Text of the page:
There is a growing need for nonprofit organizations to actively seek to engage with refugees and create opportunities for communities to come together for mutual learning and acceptance of change. One such organization,TeAda, is a nomadic theater of color, rooted in the stories of immigrants and refugees. The organization is “committed to healing and honoring the lives of the displaced, exploited and overlooked.” TeAda’s process starts and ends with conscious listening, community building, and creative courage. Through theater workshops and performances, TeAda offers acts of service that are transformative and impactful.
The success of projects undertaken by TeAda is borne out of the organization’s ability to engage all three tenets of performing arts impact described in this paper. The organization engages professionals and therapists to support workshops that allow participants to take a journey of therapy at their own pace. Throughout this process, collaborative learning takes place, creating opportunities of new work to be created and shared with the community. In addition, the organization integrates challenging change mechanisms into performances and takes productions out to schools and the wider community to become the change agents needed to modify perception. TeAda’s current production listing ensures relevance to its mission and accessibility to the wider community. While there is scope to expand programming to appeal to a broader audience, the organization has a clear vision and remains laser-focussed on it.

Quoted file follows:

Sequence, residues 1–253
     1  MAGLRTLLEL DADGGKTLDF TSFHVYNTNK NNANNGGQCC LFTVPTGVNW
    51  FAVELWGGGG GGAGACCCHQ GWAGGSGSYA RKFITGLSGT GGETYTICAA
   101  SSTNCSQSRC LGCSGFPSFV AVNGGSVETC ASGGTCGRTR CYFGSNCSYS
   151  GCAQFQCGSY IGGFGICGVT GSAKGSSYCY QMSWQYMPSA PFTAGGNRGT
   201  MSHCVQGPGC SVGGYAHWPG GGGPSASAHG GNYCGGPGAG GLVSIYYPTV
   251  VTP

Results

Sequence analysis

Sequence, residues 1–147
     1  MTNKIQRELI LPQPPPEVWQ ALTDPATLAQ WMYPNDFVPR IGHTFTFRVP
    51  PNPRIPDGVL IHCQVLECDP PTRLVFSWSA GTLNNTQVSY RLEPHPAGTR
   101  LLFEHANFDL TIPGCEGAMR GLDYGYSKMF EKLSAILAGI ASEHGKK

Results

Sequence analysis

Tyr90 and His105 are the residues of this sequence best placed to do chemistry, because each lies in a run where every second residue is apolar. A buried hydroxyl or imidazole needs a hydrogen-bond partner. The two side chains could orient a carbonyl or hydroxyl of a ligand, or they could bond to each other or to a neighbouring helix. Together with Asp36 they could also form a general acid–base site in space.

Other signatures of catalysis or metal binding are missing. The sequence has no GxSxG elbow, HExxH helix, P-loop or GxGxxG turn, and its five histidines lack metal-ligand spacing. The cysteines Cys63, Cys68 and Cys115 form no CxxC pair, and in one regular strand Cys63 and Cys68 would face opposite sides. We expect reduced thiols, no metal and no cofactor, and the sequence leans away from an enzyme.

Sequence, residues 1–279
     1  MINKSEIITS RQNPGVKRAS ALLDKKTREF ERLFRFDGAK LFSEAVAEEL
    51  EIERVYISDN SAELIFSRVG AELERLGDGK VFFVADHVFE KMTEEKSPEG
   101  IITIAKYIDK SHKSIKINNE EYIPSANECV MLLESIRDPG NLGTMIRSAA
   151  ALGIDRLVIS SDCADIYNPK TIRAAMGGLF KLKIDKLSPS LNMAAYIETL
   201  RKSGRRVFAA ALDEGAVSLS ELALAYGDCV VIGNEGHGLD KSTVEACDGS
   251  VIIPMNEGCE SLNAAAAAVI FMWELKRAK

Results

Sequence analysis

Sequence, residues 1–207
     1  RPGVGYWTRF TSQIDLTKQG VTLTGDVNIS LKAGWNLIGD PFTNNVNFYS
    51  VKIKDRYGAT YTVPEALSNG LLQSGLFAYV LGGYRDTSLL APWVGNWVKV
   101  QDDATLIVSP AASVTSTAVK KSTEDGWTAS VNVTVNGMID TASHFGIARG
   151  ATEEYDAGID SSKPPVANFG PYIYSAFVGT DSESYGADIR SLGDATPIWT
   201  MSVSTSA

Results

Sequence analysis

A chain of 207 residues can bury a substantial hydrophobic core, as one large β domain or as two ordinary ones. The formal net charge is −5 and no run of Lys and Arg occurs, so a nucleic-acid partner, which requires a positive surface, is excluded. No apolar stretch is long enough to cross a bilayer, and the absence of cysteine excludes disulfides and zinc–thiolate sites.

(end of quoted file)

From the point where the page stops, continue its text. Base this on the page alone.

As with all organizations, projects or activities designed with a discrete group in mind, we should remain conscious that the action of defining this group can lead to reinforcing stereotypes rather than dispelling them. In the example of TeAda, the organization engages a large constituent and volunteer base, but there was little evidence suggest that the local community overall have a way to connect with participants (and vice-versa) beyond supporting performances through ticket sales. While community integration for refugees is strong, it’s less clear how “native” members of the community can best support the organization year-round. As a key goal of the organization is integration into new communities and societal change, it’s imperative to ensure that the avenues for inclusion operate in both directions.
The refugee crisis is of global concern. The ability of the performing arts to react to the crisis has been considerable and, equally, global. Execution of projects aimed at refugees and communities affected vary both in terms of scale and integration. The latter being the biggest challenge. As advocates continue to employ performing arts to solve such crises the impact will only increase. Performing arts as a vehicle for therapy, integration and change with regards to refugees is established and will continue to grow so long as a need exists.